Lapland activity holidays

Holidays to Lapland are activity holidays. It’s pretty much as simple as that. After all, beyond the ski resorts and painfully cool Swedish and Finnish capitals, you’ve got a vast canvas straight out of Narnia at your disposal. This isn’t the time for kicking back and sheltering from the cold. It’s time to get out into the snow and hunt for the Northern Lights. It’s time to skip the cities and venture north, where there are more reindeer, moose and lynx than people. It’s time to go camping with Sámi families or meet Santa in his true home – the taiga forests of northern Finland.

That’s not to say you won’t get any downtime. This is the Nordics; saunas come as standard. And nights spent aurora chasing are balanced with evenings around the campfire breaking bread with family or newfound friends. Read on to discover what Lapland activity holidays are all about.

Top five activities in Lapland

1. Seek the Northern Lights

Famously fantastical but exasperatingly elusive, the Northern Lights are a spectacle not to be missed and Lapland is one of the best spots on the planet to see the show. The northern regions see long winter nights and zero pollution – a recipe for dark skies. If the weather is on your side, you’ll be treated to a lightshow that glows pale green, purple or white, depending on its mood. And no display is the same. One of the best parts? Getting there – usually by husky sled, snowmobile or simply on snowshoes.

2. Hug a husky

If there’s one thing guaranteed to ice a grin to your face, it’s a husky ride. These dogs are in their element in Lapland, racing ahead of the sled while you hang on for dear life. You can either pair up with a professional musher or have a go yourself after a training session. All you need is a love of dogs (slobbery welcomes are par for the course), a sense of adventure (temps can reach -30°C), and zero fear of falling (just accept that you’ll go arse over teakettle at least once). Luckily, the dogs are headstrong but impeccably trained; you’ll always have a musher on hand to come to the rescue with a laugh and a Thermos of tea.

3. Celebrate Christmas with Santa

Finland has claimed Santa as one of their own. Santa Village in Rovaniemi is about what you’d expect from the most-visited spot in Lapland – tat, queues and all. And although that’s where the workshops and elves are, the best holidays offer you and the family the chance to meet Santa at his home, secreted away in the snowy fells of northern Finland. It’s a world away from the commercialised crowds down south; instead, you’ll snowshoe into his forest hideout.

4. Switch hiking boots for snowshoes

The best way to truly appreciate the chilly beauty of Lapland is to snap on a pair of snowshoes and get hiking. The best holidays will pair you up with a local guide who’ll take you along frozen rivers or into forests dripping with icicles. You’ll view impeccable tundra that hasn’t seen footprints in months, plus sheer white valleys where herds of moose show up like trails of ants. Picnic at a Sámi camp, before snowshoeing back for a sauna and a hot toddy.

5. Track wildlife through the tundra

Reading most Lapland travel guides, you’d think that the animal life begins and ends with reindeer and huskies. But in Sweden the fells, lakes and forests also hide away more secretive species. A holiday specialist can match you up with a moose tracking expert who’ll drive you to the valleys where 200-strong herds shelter from the Arctic winds. They’ll follow a breadcrumb trail of pawprints and decipher whether it’s a wolf or lynx. They’ll tell you about the bears slumbering beneath your feet. Along the way, you’ll learn wilderness skills, forage for cloudberries, go ice fishing and get photography tips from the people who know best – hardy Laplanders.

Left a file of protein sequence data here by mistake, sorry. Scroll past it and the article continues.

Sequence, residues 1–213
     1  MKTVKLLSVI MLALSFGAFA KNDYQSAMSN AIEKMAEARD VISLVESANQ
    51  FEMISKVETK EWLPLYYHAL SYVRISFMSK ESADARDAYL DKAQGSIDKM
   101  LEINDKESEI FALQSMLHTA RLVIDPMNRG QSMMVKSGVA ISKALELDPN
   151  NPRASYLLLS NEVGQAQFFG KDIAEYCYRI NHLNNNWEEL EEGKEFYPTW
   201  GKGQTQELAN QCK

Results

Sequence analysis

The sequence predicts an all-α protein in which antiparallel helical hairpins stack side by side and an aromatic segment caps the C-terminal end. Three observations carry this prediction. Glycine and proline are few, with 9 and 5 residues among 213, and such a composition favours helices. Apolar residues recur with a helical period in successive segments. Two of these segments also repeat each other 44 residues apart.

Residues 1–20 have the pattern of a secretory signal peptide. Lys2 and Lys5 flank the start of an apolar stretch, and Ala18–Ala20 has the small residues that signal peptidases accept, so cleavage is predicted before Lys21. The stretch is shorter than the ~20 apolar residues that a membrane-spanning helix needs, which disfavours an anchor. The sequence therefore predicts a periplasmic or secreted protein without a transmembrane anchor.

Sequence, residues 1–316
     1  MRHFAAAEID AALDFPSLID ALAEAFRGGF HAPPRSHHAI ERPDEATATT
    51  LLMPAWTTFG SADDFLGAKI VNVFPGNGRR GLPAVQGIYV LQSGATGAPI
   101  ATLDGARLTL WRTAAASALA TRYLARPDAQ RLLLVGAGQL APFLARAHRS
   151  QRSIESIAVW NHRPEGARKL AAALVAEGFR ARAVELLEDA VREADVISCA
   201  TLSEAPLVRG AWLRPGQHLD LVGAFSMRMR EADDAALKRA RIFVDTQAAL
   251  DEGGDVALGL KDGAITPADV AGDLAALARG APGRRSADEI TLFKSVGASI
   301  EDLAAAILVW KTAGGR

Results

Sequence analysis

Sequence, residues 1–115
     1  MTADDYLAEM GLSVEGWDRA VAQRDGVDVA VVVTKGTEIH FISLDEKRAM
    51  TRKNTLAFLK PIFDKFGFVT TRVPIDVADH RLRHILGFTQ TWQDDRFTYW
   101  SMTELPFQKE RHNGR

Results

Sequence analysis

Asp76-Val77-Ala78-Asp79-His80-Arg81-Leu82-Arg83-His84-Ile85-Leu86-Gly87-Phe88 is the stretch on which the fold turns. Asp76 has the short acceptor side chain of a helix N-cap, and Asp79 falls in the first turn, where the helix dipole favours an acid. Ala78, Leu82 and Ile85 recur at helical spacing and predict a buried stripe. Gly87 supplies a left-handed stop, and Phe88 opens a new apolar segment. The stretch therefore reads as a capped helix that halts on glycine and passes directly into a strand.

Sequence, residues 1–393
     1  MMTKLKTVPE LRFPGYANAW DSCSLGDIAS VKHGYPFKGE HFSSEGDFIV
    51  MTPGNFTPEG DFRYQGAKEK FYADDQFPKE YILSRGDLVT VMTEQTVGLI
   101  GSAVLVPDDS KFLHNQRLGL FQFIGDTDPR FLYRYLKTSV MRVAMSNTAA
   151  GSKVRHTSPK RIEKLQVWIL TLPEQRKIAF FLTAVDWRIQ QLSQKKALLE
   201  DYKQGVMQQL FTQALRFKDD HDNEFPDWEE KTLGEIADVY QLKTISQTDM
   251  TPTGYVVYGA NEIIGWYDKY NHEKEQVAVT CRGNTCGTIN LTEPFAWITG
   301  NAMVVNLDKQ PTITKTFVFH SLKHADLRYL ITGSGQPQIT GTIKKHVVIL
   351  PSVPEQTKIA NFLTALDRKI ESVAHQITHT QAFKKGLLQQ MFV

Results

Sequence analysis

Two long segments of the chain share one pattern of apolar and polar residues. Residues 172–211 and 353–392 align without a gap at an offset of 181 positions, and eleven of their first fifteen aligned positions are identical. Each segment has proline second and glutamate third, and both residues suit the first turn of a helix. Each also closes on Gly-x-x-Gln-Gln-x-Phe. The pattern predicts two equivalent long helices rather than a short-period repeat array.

Our top Lapland Holiday

Husky safari in Finland

Husky safari in Finland

Sled with huskies through spectacular Finnish scenery

From £2155 to £2295 8 days inc UK flights
Small group travel:
2019: 1 Dec, 8 Dec
2020: 5 Jan, 12 Jan, 19 Jan, 26 Jan, 2 Feb, 9 Feb, 16 Feb, 23 Feb, 1 Mar, 8 Mar, 15 Mar, 22 Mar, 29 Mar, 5 Apr
Travel Team
If you'd like to chat about Lapland or need help finding a holiday to suit you we're very happy to help.

What do Lapland activity
holidays entail?

It’s wisest to travel with a Lapland activity holiday specialist. As well as knowing Lapland like the back of their gloved hand, they’ll recommend an itinerary that suits your group. Most trips are small group tours of up to 16 people that include activities, accommodation, transfers and meals. They don’t tend to last more than a week. All equipment is supplied and bulky outer winter clothing is often included. Bring lots of warm, thin base layers instead – moisture-wicking thermals, long johns and plenty of socks, plus snow boots if you want shoes you already know fit. Regular scarves don’t cut it in -30°C, so consider bringing a neck warmer, too. Fancy pick ‘n’ mixing hotels and durations? Or adding an extra couple of days in Stockholm or Helsinki? Look at tailor made holidays that’ll tweak almost every detail to your liking. That way, you can choose whether to stay in the Icehotel or Treehotel, a waterpark hotel near a resort, or a log cabin in the middle of the woods. Keep in mind that you’ll only get around three hours of daylight in December, so chances are you’ll end up snowshoeing and husky sledding in the dark. That’s not a problem, though – it just ups your chance of seeing the Northern Lights.
Photo credits: [Page banner: adege] [Intro: Greenland Travel] [Hug a husky: Lovely Lisa] [Track wildlife through the tundra: vil.sandi]
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